F. The world economic crisis led to the decay of Neo-liberalism and to the ideology crisis in the West. Given these circumstances, the West has been paying more attention to Marx’s writings and theories after its previous chilly political reception. Now “Marxism fever” in the West can no longer be ignored. One can see a strong contrast between the decay of Neo-liberalism and the popularity of Marxism. Today, Marxism has become a main character in Western political life.
In the West, after the disintegration of the Soviet Union, there was a wave of anti-Marxism. Marxism was denounced, criticized, and treated coldly. At that time, Fukuyama claimed that the change in the Soviet Union and Eastern Europe represented the end of history, which meant that, with Capitalism, human society had reached its best stage and Capitalism was irreplaceable. Fukuyama said, “What we may be witnessing is not just the end of the Cold War or the passing of a particular period of postwar history, but the end of history as such: that is, the end point of mankind’s ideological evolution and the universalization of Western liberal democracy as the final form of human government.”  However, facing the brutal reality of the recent financial crisis, he had to admit that this crisis exposed the instability of the Capitalist system, that U.S.-style Capitalism has fallen off the altar, that this crisis is the end of the U.S.’s ability to take the economic leadership in global affairs, and that the U.S. is no longer the only authority for social policy innovation.
“Marxism fever” swept through the West as the global recession expanded. After the Great Depression in 1930s, countries adopted two different approaches: The Soviet Union focused on industrialization, modernization, and the enhancement of people’s material and cultural lives to expand domestic demands and to fully seize the opportunity of the Western recession to bring in advanced equipment, technologies, and talented people. The Western approach was to adopt Keynesian theories on monetary policies, military expansion, and the New Deal to get the economy out of danger. When it came to the 1970s, due to economic stagnation, Keynesianism was replaced by Neo-liberalism. However, it didn’t last long. Entering the 21st century, the global financial crisis destroyed Neo-liberalism’s reputation. This crisis made people start looking at “the century’s great man,” Karl Marx.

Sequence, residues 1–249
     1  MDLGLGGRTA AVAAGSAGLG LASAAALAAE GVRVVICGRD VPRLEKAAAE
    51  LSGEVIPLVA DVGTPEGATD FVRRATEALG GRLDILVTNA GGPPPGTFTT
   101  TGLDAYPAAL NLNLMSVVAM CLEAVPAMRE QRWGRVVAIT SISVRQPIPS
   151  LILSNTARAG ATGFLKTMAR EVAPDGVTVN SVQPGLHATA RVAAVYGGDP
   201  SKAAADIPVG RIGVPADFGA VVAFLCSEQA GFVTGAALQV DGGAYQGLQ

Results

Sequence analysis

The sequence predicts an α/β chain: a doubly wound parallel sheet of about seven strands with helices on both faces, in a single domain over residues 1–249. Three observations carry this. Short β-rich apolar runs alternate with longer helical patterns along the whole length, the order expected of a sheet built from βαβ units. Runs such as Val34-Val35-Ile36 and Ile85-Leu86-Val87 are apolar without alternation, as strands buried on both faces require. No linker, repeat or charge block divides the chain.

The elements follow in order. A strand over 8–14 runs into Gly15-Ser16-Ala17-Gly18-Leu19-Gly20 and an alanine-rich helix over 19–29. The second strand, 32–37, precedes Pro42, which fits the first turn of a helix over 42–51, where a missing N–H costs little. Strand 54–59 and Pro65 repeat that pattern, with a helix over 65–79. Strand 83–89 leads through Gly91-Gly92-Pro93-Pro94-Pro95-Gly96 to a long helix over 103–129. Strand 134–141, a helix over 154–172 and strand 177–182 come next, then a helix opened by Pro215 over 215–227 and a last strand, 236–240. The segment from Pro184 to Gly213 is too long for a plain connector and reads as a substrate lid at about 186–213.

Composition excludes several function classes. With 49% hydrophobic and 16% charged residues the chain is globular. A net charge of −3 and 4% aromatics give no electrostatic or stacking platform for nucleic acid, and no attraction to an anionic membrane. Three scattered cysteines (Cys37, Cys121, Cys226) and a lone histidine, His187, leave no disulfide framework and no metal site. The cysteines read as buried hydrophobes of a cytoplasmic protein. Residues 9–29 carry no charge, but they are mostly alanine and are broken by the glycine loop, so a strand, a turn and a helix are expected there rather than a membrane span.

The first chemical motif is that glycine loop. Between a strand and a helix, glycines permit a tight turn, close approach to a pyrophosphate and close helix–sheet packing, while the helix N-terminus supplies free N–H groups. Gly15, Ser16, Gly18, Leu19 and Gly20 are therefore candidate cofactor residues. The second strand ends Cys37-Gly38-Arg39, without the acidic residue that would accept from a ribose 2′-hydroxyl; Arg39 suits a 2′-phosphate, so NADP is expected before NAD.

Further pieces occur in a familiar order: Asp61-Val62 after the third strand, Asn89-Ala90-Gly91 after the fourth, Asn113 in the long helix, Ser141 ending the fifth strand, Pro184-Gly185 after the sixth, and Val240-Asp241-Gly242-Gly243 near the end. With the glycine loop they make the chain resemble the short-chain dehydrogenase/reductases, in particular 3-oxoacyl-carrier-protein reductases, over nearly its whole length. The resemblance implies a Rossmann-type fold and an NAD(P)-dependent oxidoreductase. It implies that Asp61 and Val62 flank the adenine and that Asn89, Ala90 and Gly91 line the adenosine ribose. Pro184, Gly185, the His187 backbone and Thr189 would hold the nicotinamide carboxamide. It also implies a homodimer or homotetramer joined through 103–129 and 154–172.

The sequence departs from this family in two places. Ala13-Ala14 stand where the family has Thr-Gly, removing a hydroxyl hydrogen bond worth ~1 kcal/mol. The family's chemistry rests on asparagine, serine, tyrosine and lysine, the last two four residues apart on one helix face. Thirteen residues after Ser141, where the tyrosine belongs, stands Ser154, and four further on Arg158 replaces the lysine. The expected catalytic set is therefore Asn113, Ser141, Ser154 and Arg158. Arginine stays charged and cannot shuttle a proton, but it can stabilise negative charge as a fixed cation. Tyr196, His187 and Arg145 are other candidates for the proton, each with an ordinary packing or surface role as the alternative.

Another characteristic of “Marxist fever” is that it spread widely to many countries, from Europe to America to Asia and from financial empires to developing countries. It has also affected people from every social strata, from scholars to politicians, from entrepreneurs to managers, from young students to ordinary workers, and from clerks at churches to ordinary people.
The emergence of “Marxist fever” has not been organized but, rather, has been a purely spontaneous development. Had there been no global recession and had Neo-liberalism not decayed, “Marxist fever” would not have spread so quickly in the West. The revival of Marxist thought shows the inevitable trend of the development of world history. However, we must also be clear: the emergence of “Marxist fever” does not mean that Neo-liberalism and its leading scholars will give up their position. The struggle [between Marxism and Neo-liberalism and other Capitalist theories] will be long-term, with many ups and downs.
 Qiushi Online, “The Decline of Western Market Fundamentalism,” December 25, 2012.
 Occupy Wall Street Online.
 Xinhua, “Capitalism in current form no longer fits world: WEF’s Schwab,” January 18, 2012.
 “The End of History?” by Francis Fukuyama.